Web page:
IVF treatments find a place in political manifestos

Doctors welcome the inclusion of infertility, recognised as a public health issue by the WHO, in political agendas as a necessary step toward mitigating its financial burden and emotional impact

November 25, 2023 09:18 pm | Updated 10:27 pm IST - NEW DELHI

Rekha Patel, 42, from Britain, looks at her week-old-baby girl Gabriella, at the Akanksha IVF centre in Anand town, in Ahmedabad August 24, 2013.

Rekha Patel, 42, from Britain, looks at her week-old-baby girl Gabriella, at the Akanksha IVF centre in Anand town, in Ahmedabad August 24, 2013. | Photo Credit: Reuters

The Congress party has included In Vitro Fertilisation (IVF) as an area of focus in its manifesto for the Rajasthan Assembly election. Integrating infertility with political agenda is not a new development — Goa recently became the first Indian State to offer free IVF, Assisted Reproductive Technology (ART), and Intrauterine Insemination (IUI) services; Maharashtra is also looking into providing financial support to people from rural areas for IVF treatments under the Mahatma Phule Jan Arogya Yojana.

Infertility, which is recognised as a public health issue by the World Health Organization (WHO), has often been shrouded in silence. Finding its way into the Congress’ election manifesto has thus sparked a crucial conversation over the financial, societal, and emotional implications of infertility, and the role of politics in addressing it.  

A study titled ‘Pattern of health promises for Indian democracy: A qualitative review of political manifestos’ finds that health has been a feature in political agendas but healthcare issues are yet to dominate political campaigns in India as they do in the U.K. and the U.S. “Public health problems, health financing, improving infrastructure are the most common promises that share space in all manifestos of major national parties,” the study noted. 

According to the WHO, and the Indian Society for Assisted Reproduction (ISAR), one in six couples in India find it difficult to conceive a child, may require medical help, and treatment cost is expensive. The average cost of an IVF cycle ranges from ₹2.5 lakh to ₹4 lakh.

The Census of India finds that infertility increased among couples in the reproductive age group from 13% in 1981 to 16% in 2001. The need for assisted reproduction is so high that the Federation of Obstetric and Gynaecological Societies of India (FOGSI) has appealed to the government to bring IVF treatments under Ayushman Bharat.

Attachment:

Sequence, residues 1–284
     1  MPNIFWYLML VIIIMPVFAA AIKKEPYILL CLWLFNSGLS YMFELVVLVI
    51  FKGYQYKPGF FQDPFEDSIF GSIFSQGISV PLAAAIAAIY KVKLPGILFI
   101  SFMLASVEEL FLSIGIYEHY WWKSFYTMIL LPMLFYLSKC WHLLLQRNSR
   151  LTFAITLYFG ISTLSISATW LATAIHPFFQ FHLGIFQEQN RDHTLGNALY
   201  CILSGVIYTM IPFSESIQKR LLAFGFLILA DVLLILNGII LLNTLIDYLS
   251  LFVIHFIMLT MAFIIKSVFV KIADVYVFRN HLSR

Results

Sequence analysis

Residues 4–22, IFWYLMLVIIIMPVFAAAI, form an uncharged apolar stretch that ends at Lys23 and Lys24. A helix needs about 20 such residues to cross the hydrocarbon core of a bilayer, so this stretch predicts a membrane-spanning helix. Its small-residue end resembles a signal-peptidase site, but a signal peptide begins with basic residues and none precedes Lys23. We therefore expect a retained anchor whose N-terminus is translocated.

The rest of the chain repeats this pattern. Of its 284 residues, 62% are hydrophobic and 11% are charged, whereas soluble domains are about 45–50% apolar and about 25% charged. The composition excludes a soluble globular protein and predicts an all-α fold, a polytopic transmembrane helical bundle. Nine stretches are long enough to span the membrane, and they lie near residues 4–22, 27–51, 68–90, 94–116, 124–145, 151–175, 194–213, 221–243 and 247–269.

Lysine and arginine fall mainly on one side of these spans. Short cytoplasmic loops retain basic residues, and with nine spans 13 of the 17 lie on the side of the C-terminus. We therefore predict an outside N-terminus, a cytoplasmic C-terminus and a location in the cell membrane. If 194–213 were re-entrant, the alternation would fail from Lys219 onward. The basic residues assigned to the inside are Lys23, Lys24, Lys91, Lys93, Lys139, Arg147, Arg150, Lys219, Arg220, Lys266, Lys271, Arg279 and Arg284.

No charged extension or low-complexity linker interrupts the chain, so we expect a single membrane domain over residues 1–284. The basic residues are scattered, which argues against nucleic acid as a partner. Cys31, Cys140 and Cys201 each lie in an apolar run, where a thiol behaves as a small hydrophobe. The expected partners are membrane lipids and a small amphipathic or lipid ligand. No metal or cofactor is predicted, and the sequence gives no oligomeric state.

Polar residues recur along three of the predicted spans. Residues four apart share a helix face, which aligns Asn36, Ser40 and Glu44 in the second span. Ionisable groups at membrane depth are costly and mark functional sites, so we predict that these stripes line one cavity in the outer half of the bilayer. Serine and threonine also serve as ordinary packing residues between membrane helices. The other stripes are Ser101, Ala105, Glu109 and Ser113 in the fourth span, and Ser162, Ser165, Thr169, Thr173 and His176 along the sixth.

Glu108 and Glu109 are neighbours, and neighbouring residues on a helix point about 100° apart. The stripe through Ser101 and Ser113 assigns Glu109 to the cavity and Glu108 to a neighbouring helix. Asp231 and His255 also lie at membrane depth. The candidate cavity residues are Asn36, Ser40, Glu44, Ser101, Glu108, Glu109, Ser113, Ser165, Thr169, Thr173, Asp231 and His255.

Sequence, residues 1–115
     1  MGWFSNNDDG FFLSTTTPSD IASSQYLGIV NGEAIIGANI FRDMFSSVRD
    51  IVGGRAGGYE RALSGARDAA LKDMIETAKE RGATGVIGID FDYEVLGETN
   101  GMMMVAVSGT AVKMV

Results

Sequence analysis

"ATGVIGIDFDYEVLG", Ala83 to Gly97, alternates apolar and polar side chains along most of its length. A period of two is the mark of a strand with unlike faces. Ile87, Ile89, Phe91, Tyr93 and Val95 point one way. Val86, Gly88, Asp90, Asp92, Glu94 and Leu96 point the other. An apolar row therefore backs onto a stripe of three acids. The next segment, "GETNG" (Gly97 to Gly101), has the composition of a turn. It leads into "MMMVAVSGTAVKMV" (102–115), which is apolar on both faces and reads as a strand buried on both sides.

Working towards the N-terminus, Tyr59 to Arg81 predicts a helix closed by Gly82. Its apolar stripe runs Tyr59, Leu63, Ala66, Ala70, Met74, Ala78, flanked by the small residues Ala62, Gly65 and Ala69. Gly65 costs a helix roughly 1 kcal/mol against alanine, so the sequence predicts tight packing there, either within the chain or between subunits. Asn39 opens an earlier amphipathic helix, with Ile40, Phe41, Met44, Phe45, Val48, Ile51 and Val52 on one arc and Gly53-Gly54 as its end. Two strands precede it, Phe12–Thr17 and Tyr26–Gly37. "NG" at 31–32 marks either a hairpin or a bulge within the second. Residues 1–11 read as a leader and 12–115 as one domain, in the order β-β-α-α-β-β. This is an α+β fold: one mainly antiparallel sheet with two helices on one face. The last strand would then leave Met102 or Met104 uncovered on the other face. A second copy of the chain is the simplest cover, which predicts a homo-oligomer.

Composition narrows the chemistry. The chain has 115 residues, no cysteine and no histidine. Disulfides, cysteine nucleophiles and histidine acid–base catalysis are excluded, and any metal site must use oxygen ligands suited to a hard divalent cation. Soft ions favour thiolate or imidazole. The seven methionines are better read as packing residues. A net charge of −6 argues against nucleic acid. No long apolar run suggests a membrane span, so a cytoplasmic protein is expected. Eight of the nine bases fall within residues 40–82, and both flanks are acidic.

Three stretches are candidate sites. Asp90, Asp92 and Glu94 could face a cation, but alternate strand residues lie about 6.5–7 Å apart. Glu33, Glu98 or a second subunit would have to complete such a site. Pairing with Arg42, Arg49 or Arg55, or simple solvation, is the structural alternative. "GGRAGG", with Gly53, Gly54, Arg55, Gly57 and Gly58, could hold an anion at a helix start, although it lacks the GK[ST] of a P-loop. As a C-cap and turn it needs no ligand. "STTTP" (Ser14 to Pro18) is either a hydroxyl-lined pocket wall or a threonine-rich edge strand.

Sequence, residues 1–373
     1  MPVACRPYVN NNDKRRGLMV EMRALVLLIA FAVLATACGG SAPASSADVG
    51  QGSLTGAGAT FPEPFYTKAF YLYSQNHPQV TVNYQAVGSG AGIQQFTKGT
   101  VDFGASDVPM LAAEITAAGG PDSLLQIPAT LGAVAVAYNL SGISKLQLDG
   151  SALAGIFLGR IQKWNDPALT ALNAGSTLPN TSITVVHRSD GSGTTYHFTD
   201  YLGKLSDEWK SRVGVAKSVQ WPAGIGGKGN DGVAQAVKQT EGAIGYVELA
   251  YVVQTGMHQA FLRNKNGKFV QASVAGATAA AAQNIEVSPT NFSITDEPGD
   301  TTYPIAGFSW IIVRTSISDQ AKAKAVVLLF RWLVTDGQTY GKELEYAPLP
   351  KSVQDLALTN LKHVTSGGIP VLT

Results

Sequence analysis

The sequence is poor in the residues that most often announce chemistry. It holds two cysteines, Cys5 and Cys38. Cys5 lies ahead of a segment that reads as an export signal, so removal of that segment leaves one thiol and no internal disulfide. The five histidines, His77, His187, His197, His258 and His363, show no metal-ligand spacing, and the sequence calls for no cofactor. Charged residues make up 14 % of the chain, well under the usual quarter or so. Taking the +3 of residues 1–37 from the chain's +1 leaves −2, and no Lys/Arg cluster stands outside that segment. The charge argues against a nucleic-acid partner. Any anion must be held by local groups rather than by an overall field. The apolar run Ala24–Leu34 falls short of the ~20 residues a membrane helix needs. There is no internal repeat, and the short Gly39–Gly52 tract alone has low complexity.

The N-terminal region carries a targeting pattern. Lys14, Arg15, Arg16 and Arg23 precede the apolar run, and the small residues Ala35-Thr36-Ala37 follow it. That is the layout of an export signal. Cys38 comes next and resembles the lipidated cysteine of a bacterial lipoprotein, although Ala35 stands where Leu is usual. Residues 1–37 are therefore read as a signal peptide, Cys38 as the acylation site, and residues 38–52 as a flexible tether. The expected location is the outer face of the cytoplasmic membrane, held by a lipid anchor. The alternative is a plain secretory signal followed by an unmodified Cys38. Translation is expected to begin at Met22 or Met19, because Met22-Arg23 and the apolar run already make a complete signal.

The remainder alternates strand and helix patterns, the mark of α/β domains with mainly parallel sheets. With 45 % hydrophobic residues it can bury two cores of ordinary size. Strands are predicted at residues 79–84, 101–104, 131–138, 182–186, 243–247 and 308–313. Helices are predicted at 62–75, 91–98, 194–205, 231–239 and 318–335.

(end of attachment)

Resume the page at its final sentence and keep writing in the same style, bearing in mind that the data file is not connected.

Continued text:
Also Read | Male fertility crisis: what environmental contaminants have got to do with it 

Infertility, in clinical terms, is the failure to conceive even after being sexually active for one year or more of regular cohabitation without any contraceptive use.

“WHO categorises infertility as a disease, so, like any other disease, subfertility treatment or IVF treatment is a right of everyone,” Rachita Munjal, senior consultant, Birla Fertility and IVF, Gurugram, said.

She explained that fertility issues are silent and invisible whereas pregnancy, childbirth, and medical disorders are visible. “So, if all medical treatments can be included in a manifesto, infertility should be included too,” Dr. Munjal said.

Doctors in India explain that despite the high incidence of the problem, solutions for the diagnosis and treatment of subfertility, including IVF, remain inaccessible for many due to the high cost of treatment, and social stigma. They add that infertility can impact quality of life.

Also Read | Lifestyle, pollution causing rise in infertility: expert

“Through my experience in talking to women who come for fertility treatment, lack of emotional support, and holding back from promotion and career opportunities, in addition to stressful subfertility issues can be overwhelming. So, normalising the conversation around fertility treatments can be an important step in moving out of the silence over the issue,” Dr. Munjal said.

Doctors note that government policies on IVF treatment can mitigate the financial burden and emotional impact of infertility on family life. Benefits planned around pre-conception, fewer working hours for women under fertility treatment to manage regular visits to doctors, and the emotional and financial aspects of treatment, would help considerably.

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